RO systems usually use easy-to-connect, color-coded quick fittings, so you know what goes where.

Location: Where to Install the…

RO Unit

Installing under the kitchen sink is the standard, albeit not always the most convenient solution due to limited space. Other options are the basement, garage or a utility room, running a water line to the kitchen sink (delivery pump may be required).

What’s important is that you install on a cold water line, downstream of any other water treatment equipment such as a softening system. Also, do not install where freezing temperatures may occur.

plumber installing reverse osmosis system under sink


Do you have an extra hole in your sink? You’ll need to drill one if there’s none. Use a flat surface where you can use the faucet conveniently without disrupting other kitchen tasks like doing the dishes.

Water Storage Tank

The water storage tank needs to be within 10 ft of the reverse osmosis faucet if you don’t want to experience low-pressure issues. A tank can stand upside or lay on its side.

Drain Saddle

This saddle needs to be connected to your sink’s drain pipe. It’ll fit a standard-sized pipe of one-and-a-half inches. Go above the P/J-trap and far away from any disposal. Both vertical and horizontal pipe sections work, although horizontal is recommended for noise reduction.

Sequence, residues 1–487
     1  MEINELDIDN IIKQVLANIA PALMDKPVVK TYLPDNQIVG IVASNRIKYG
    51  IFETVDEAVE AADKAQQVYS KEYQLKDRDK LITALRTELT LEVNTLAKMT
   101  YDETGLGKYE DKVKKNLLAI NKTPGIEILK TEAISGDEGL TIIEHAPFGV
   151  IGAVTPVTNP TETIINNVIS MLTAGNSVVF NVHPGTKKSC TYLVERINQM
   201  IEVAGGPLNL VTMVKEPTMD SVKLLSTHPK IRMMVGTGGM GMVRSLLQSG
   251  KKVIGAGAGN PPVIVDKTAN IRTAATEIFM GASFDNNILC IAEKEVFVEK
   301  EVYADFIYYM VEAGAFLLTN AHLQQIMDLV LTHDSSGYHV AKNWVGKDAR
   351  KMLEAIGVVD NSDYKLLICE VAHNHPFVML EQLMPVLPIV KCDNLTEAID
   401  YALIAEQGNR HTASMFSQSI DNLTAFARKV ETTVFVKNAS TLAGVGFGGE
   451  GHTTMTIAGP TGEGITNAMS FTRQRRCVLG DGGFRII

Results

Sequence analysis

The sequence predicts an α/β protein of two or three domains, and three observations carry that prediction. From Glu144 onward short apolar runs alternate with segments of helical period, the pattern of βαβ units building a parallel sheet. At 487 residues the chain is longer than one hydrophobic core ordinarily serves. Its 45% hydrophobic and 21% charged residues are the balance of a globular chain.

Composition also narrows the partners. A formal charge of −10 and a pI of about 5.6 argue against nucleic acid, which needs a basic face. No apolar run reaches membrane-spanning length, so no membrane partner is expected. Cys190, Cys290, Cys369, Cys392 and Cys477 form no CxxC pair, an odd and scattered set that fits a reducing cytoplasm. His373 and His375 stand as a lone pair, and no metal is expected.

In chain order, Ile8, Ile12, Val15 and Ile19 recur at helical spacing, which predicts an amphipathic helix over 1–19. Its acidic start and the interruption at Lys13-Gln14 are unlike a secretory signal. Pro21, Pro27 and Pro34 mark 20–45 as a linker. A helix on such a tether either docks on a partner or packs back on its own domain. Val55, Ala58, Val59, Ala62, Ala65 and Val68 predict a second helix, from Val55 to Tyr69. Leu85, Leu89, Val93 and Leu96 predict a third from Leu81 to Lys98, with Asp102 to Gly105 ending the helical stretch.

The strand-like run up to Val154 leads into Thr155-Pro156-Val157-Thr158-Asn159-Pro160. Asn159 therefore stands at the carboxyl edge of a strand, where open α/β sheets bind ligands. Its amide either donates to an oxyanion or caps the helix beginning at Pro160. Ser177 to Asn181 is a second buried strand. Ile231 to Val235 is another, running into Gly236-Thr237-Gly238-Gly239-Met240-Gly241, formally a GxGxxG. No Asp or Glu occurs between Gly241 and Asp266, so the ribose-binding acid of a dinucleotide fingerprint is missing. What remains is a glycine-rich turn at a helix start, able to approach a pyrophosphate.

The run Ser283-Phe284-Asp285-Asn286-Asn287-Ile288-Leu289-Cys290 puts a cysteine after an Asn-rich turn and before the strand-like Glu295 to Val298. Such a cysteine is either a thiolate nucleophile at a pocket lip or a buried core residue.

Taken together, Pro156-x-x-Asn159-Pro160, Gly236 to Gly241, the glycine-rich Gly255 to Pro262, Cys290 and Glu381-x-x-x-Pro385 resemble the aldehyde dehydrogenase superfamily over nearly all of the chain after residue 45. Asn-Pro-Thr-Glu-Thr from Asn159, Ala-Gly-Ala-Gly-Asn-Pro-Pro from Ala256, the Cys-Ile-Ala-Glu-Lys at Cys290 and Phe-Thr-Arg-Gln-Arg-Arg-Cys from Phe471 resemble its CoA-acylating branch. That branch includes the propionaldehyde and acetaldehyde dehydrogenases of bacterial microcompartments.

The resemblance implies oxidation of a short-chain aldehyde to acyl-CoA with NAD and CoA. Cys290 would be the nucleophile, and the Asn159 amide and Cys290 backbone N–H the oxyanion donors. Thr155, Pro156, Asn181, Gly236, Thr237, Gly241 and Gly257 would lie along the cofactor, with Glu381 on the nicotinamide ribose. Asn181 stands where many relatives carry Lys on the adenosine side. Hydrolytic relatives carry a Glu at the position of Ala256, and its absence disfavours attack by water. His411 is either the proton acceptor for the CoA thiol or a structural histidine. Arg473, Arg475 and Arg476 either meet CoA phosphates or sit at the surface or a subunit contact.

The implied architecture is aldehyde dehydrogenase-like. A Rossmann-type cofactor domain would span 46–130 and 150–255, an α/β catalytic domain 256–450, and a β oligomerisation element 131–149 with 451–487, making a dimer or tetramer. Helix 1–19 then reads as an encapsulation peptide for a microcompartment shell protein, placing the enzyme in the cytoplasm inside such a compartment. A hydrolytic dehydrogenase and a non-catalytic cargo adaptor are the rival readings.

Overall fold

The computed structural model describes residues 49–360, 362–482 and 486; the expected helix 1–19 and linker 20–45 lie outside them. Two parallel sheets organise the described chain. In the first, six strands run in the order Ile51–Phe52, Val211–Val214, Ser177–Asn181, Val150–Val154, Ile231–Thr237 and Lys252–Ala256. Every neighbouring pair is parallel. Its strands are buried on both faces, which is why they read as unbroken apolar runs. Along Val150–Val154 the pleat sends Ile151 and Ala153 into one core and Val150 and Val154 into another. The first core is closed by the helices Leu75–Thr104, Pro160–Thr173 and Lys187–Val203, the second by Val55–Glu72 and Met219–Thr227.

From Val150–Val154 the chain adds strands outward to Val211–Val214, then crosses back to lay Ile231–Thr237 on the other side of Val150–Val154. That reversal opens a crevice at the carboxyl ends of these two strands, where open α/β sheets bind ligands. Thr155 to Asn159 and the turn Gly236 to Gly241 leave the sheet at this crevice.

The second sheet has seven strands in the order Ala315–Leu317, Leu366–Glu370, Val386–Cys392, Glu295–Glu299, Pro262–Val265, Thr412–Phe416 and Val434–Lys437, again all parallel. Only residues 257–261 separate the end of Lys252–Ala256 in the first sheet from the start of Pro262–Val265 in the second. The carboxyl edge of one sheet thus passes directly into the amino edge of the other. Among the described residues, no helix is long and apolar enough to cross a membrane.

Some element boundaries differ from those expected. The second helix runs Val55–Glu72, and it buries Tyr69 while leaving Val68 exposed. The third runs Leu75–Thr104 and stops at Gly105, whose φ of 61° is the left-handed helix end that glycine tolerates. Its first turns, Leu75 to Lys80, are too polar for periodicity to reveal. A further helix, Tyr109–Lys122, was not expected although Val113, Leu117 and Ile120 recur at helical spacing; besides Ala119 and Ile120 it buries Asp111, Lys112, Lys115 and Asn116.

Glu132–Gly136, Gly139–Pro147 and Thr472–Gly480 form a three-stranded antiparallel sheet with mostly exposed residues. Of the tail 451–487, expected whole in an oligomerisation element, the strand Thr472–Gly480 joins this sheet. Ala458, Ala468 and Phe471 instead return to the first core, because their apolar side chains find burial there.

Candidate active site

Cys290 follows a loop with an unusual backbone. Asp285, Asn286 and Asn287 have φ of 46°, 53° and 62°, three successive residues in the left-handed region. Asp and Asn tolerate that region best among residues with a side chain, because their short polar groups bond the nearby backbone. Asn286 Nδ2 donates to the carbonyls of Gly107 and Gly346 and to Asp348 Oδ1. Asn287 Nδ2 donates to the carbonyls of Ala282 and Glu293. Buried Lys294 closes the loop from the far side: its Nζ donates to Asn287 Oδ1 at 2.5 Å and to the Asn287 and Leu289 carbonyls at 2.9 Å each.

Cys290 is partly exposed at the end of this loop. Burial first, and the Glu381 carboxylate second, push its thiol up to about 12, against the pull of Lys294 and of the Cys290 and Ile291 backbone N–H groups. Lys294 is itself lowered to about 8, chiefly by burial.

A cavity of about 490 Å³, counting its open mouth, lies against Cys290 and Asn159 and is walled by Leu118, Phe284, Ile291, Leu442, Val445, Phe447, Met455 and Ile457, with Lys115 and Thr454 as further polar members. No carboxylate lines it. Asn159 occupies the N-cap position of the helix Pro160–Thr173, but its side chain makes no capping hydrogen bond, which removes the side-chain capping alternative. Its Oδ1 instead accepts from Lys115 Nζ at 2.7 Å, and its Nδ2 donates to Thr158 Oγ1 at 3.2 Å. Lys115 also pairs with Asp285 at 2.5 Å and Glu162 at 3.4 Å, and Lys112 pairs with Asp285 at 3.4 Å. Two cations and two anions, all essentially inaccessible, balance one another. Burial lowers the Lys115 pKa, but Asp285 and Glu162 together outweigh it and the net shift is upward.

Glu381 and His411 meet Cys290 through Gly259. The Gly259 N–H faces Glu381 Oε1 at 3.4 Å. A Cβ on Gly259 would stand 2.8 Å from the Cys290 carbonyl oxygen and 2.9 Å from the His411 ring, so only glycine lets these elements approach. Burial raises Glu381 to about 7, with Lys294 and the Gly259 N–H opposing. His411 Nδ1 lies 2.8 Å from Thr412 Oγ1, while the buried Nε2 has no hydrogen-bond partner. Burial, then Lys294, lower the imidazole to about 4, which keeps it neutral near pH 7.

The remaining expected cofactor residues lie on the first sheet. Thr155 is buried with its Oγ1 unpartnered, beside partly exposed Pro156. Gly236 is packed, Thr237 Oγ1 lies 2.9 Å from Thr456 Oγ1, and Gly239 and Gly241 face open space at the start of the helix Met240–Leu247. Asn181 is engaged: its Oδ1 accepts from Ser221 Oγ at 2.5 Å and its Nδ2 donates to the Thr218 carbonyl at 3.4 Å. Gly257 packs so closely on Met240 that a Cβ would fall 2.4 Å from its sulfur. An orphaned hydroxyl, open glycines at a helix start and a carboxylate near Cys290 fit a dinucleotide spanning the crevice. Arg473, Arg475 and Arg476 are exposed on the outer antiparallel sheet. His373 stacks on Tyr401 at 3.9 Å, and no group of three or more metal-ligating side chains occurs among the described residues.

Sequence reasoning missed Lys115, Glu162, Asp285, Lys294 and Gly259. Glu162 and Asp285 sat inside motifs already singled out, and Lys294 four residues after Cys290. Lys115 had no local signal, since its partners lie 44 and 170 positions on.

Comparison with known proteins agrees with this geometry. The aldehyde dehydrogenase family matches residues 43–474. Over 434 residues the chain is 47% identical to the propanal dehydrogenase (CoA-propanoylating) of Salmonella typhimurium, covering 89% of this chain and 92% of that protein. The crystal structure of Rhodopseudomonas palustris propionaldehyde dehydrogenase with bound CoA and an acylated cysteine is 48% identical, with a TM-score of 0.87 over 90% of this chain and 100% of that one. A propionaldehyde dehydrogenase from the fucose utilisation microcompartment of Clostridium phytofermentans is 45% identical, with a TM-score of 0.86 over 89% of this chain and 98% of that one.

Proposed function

Instructions: How to Install a Reverse Osmosis System

It’s time for you to learn how you can hook up your new reverse osmosis under sink system. With a little bit of preparation and the necessary tools it’s really not that difficult to pull off.

Also, every system should come with detailed installation instructions. If that isn’t enough, you can find plenty of helpful videos on YouTube.

And lastly, individual steps may vary from product to product and also depend on your specific plumbing setup. Therefore, the following instructions are given as a general guideline. Remember: All plumbing must be completed in accordance with state and local codes.


It might already be too late, but prior to purchasing a reverse osmosis system you should ensure that there is enough space under your kitchen sink to accommodate a filter module + tank.